The Meme-Attention Economy

The other thing that early crypto traders understood is that popularity is what matters, in crypto and pretty much everything else. Guys like David Portnoy and Elon Musk and even Keith Gill understand that the modern economy is actually about attention — keeping people on platform, whatever the platform is. And memes are the primary way of capturing and manipulating that attention. Yes, memes can be funny, but they’re mostly small packets of semantic density. The meme economy and social media have married.

The meme economy featured enormously in the last two political elections, to the point where I think nobody on any side is laughing any more. The meme economy has been part of finance for the past several years. You only need to read Jim O’Shaugnessy’s Twitter feed to see how well memes can slide right into our fancy B-school discussions, not as distractions, but as ways of communicating more information, faster.

Social media realized this a long time ago, but the absolute masters of this have been TikTok and Reddit.  TikTok’s algo is predatory for those of us with attention issues. It’s a constant stream of 1-4 second interactions about things we sort of care about, designed to self-curate down to JUST WHAT YOU WILL STAY WATCHING.  Reddit, for its part, has mastered the use of social capital (votes, gold, karma, intra-community rulesets, and tools) to achieve similar results: pushing you toward content you’ll stay engaged with. As I wrote last week, that has its own procyclicality, only now it’s about information.

And guys like Portnoy are masters of this. They get it.

Davey Day Trader | Blogs, Podcasts and Videos | Barstool Sports

(If you want a great jumping off point for a deeper dive on this particular active force at work, the Journal did a great link-dump style article that is both a great read, and a great set of other things to read in the links, and a few years ago the Outline did a great piece on shrinking meme dwell time … the Meme Economy is a real thing).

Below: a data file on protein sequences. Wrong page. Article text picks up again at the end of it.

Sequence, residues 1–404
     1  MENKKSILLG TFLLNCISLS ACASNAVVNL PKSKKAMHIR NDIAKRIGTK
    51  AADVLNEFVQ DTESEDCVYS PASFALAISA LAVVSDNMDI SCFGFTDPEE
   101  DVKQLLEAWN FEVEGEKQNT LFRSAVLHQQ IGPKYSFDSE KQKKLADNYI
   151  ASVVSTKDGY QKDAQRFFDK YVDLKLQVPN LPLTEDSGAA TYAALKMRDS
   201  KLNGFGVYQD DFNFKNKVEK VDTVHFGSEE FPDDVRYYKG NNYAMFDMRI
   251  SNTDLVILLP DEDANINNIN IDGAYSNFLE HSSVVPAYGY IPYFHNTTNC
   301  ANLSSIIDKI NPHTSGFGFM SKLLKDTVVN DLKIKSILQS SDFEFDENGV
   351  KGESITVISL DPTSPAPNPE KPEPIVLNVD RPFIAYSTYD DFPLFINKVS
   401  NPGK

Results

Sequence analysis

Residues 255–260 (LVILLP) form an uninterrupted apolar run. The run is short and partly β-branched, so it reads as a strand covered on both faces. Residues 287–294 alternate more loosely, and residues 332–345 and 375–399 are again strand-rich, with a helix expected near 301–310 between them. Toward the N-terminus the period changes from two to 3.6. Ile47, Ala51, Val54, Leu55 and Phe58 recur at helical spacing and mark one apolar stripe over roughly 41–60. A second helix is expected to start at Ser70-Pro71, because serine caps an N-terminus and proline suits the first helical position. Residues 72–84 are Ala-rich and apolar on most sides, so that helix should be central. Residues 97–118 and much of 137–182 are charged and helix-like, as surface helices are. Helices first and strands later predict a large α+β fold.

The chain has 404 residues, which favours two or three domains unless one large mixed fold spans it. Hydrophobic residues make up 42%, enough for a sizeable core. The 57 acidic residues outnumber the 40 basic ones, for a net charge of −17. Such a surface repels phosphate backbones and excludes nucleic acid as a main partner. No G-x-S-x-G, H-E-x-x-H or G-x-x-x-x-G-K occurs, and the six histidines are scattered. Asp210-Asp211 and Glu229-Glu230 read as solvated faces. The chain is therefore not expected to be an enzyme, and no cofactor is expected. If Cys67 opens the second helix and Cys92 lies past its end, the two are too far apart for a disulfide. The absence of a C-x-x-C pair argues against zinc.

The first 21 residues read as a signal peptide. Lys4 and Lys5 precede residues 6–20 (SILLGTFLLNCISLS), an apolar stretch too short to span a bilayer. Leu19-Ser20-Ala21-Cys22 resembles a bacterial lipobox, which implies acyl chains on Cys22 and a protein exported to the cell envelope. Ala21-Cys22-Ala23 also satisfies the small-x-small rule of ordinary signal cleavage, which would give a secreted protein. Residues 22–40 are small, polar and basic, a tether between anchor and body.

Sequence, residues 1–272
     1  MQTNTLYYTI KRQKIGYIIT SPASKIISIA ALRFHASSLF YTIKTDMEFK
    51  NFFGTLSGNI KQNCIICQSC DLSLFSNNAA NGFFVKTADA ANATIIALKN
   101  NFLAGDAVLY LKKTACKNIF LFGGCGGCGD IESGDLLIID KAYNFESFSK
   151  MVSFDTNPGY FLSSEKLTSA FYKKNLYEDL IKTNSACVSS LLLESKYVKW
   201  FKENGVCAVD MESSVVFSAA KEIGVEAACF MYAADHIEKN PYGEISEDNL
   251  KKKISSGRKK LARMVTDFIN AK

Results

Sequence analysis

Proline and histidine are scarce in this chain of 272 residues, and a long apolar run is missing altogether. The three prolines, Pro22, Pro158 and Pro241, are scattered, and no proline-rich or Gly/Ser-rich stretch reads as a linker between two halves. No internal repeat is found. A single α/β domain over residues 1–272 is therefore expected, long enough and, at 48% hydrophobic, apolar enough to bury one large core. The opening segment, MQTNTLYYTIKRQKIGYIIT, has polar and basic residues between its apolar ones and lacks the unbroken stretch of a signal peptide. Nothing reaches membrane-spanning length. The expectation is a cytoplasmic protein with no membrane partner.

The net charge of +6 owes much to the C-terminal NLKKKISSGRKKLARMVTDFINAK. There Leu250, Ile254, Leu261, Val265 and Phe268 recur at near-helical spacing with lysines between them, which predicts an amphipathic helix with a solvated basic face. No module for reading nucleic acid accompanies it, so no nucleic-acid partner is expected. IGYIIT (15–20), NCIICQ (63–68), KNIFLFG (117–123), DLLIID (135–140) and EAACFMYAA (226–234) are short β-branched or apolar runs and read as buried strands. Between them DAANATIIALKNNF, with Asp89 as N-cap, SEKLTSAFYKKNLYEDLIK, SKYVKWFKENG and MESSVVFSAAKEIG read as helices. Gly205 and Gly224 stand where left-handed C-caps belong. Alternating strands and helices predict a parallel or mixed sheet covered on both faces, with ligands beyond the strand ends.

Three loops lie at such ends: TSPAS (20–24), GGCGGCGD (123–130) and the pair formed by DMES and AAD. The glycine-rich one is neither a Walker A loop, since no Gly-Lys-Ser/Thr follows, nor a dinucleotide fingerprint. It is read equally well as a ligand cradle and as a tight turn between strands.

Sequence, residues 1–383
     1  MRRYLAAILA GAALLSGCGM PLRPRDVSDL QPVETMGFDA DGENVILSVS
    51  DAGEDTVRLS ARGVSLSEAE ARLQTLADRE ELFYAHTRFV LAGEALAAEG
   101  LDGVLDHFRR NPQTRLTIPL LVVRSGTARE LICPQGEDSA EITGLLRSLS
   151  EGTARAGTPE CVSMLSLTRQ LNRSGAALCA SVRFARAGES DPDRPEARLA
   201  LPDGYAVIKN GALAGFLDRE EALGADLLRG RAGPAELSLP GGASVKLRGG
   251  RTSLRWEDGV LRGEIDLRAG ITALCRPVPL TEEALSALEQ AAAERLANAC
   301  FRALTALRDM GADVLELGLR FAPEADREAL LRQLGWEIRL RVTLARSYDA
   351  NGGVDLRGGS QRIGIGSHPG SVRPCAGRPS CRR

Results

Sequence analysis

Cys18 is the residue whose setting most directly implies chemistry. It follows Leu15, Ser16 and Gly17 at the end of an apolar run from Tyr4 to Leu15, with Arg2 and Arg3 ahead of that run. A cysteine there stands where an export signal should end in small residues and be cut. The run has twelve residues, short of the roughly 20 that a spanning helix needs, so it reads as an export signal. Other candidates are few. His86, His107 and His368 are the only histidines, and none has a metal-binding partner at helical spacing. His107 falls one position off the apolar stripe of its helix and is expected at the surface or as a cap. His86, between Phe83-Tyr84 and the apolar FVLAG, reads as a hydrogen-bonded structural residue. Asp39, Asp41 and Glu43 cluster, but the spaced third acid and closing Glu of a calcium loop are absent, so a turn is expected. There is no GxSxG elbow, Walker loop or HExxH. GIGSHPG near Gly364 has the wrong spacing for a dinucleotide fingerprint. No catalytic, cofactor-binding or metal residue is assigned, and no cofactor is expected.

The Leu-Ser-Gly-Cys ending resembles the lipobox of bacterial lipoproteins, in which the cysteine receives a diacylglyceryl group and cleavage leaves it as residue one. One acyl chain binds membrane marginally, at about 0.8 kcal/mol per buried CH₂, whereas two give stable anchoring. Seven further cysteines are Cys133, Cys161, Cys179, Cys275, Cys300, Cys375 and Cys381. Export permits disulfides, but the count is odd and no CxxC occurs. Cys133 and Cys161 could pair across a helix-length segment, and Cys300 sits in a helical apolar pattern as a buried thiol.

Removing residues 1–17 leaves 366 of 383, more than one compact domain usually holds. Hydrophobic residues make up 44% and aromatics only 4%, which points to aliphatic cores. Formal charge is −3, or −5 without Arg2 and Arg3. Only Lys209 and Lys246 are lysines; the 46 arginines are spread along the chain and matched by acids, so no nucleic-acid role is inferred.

This kind of behavioral nudging and analysis isn’t just about TikTok and Facebook though.  You wanna know who’s doing the very-most -interesting work on this kind of behavioral nudging and analysis? It ain’t Wall Street.  It’s a video game designer named Jason VandenBerghe (don’t know him personally) who now works for a company called Level-Ex. He previously worked at Ubisoft hacking the human mind until he developed a unified field theorem of gamer purchase and play behaviors.

The work being done *outside* finance on modelling and monitoring human behavior so that we can influence decision making is just light years ahead of anything I’ve seen *inside* finance. On the one hand, yay? I’m glad Jason (who I don’t know) is now working on ‘games for good’ type projects, because when you go down this rabbit hole, you’ll see just how GOOD the game industry has gotten at this, and it’s a bit scary honestly.  “Gamification” isn’t just a fun sounding word.  It’s a whole way of approaching experience design.  They’ve groked this in fullness.

And so has social media.

And so has a whole crew of folks with brokerage accounts. And the overlaps are enormous. My video gaming Twitch streamers are now all just learning the markets. They’re all in. And they understand the attention economy. They understand you have to play a new game right at launch, or the player base disappears.

Social Crisis & Heroes

I’m a big Scott Galloway fan (don’t know him personally). He’s a professor from NYU who does a great podcast called Pivot with Kara Swisher. He’s a real no BS guy, and spends pretty much all his time studying how culture and markets are interacting. He’s kind of an ‘it guy’ in the wonkosphere. He believes a very big driver of what’s happening comes down to what sounds a bit obvious, but also made a lot of people uncomfortable. His narrative goes something like this: we have a whole generation of young men who are trapped at home and bored.  They’re also angry because they feel like they’ve been lied to about how the world is supposed to work. The markets have become their war, their thing to rally behind. But they’re going to realize they have no friends in the foxholes when the market fights back.

This actually blends in well with how Charles Mackay told us this would work back in 1841. He suggested you need to excite people in several dimensions to get a real madness rolling:

Fear of death causing risk taking behavior – yolo! Desire to make money from the ‘system’ instead of work? Sign me up. No, seriously, that one’s universal right? And is uncertainty about the future driving us toward irrationality? Absolutely.